Workplace Back-to-Back: Employing a ‘casual’ worker
The casual worker in my opinion is one of the key and critical workforce for resourcing the nation. The Casual worker is often viewed as unskilled labour undertaking menial jobs such as loading and offloading goods from and unto tracks, digging trenches, weeding, cleaning and other activities viewed as menial. This skills force constitute the majority of workforces in the country. The porta population in agbogbloshie alone can attest to this fact.
‘Casual workers’ have been grossly exploited over the years. However, there is protection for such workers under the Labour Laws of Ghana and this article seeks to bring to the fore issues and discrepancies in casual employment or casual work which is fast becoming the norm. This article will also explain what exactly casual employment or casual work is or should be under the Labour Laws of Ghana. And especially provide enough knowledge to ensure that casual workers are employed and managed in accordance with their employment rights and the practices that protect these rights.
Let’s start by identifying some of the discrepancies in casual employment over the years. The first as identified is calling casual workers “labourers”. The word labourer is generally defined as a manual worker who does not need any skills to undertake jobs as assigned. These may include weeding, lifting or loading, or any menial job as assigned. The use of the word labourer depicts someone engaged to do manual work and is often the least placed and least paid in the workplace.
But a closer scrutiny reveals that these are the persons who do all the jobs that keeps the workplace clean, and the business running. They dig, clean, soil themselves in dust and dirty fluids, they break their backs to load or offload goods, package goods etc. And so you would think that these class of workers will be given the needed attention for business continuity. Perhaps, a contributing factor to this neglect is that they are easily replaceable because they do not hold or need any peculiar skills to do their job efficiently.
Another discrepancy is deprived earnings. Because casual work is not supposed to be remunerated like continuous and permanent work due to its nature, employers who seek to cut down on labour cost will tag any type of work as casual work to deprive the workers of deserved earnings even when they know that the work is not casual in nature. It is on record that persons called causal workers have sometimes slaved for their masters for very long periods and sometimes span over decades. But because their work is tagged as casual, they continue to earn incomes that hardly improve their livelihoods over the years.
A third discrepancy is an obvious lack of medical and sometimes changing room/washroom facilities for casual workers. Though employers are supposed to be fully responsible for the health and safety of every worker, casual workers are sometimes left out of the loop. Organizations sometimes fail to provide adequate protection for casual workers, fail to provide washroom and changing room facilities for casual workers and deny them of medical coverage. All this is on the assumption that the casual worker is not entitled to such benefits. So they are robbed of what they should enjoy deservedly.
Because of the nature of casual work, which is remunerated ‘by day’ no notice of termination is needed when any of the parties (worker or employer) seeks to end the employment relationship. So by tagging persons as casual workers, they can be gotten rid of easily, at any time and at the whim of the employer. Some casual workers are on record to have worked for their companies for more than a decade only to be told one fine day to go home and never come back because their services are no longer required.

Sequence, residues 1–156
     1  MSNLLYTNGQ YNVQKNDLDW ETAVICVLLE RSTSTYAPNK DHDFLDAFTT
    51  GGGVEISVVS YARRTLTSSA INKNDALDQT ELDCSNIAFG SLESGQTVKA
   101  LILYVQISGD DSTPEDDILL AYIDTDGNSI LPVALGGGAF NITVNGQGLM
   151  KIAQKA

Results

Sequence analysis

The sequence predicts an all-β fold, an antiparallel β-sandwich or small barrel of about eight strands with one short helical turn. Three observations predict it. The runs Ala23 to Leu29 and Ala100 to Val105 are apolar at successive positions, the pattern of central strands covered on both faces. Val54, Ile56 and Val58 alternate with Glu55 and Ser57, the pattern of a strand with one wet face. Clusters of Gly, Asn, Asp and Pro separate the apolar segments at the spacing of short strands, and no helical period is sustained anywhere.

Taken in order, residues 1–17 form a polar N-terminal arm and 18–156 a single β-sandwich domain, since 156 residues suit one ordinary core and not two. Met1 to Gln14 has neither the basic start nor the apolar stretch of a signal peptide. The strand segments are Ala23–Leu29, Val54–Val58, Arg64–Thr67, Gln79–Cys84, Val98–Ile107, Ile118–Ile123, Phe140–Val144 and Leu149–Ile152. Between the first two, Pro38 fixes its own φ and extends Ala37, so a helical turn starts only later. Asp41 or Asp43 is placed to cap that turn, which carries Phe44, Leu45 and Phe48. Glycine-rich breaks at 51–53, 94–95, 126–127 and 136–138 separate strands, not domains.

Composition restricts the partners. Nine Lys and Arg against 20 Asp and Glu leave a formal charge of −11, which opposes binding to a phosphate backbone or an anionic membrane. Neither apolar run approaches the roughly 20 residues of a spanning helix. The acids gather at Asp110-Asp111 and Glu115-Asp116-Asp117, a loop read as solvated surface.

Casual Employment and the Casual Worker in Perspective
The Labour Laws provide for casual employment and defines a casual worker as “a worker engaged on a work which is seasonal or intermittent and not for more than six months and whose remuneration is calculated on a daily basis”.
The words that set casual employment apart from all others are ‘seasonal’ and ‘intermittent’. Casual work is not continues or permanent. If it is seasonal, then it comes once in a while which means that the need for casual employment should only arise periodically. Intermittent work means work that comes up every now and then but does not arise every time. So for example, it is the nature of the work which will determine whether the work is casual or not, and not necessarily because an employer chooses to call the work casual or the worker as a casual worker. The fact that an employer has tagged a worker ‘casual employee’ does not make the work s/he does casual in nature.
Hence, casual work or employment has some unique characteristics. One of such characteristics is that the employment may or may not be in writing. Because casual work is supposed to be quite simple and informal, it is not necessarily required for it to be in writing. The terms of employment for casual work are straight forward and less technical as the relationship is expected to be brief.
Another characteristic is that casual employment cannot be for more than six months. The fact that casual work cannot be for more than six months stresses how brief it is supposed to be. Casual workers are periodic workers who do not work regularly over the year. When called upon, they work and are paid and the payment of their wages concludes each cycle of engagement and such relationship is severed at the payment of agreed wages and the execution of the job.
Another unique characteristic of casual work is that wages are calculated per day. A casual worker is paid on the basis of the number of days worked. Where a casual worker does not show up for work on a particular day, s/he is not paid for that day. The wages of a casual worker is calculated on a daily basis and paid daily, weekly or monthly depending on the organization.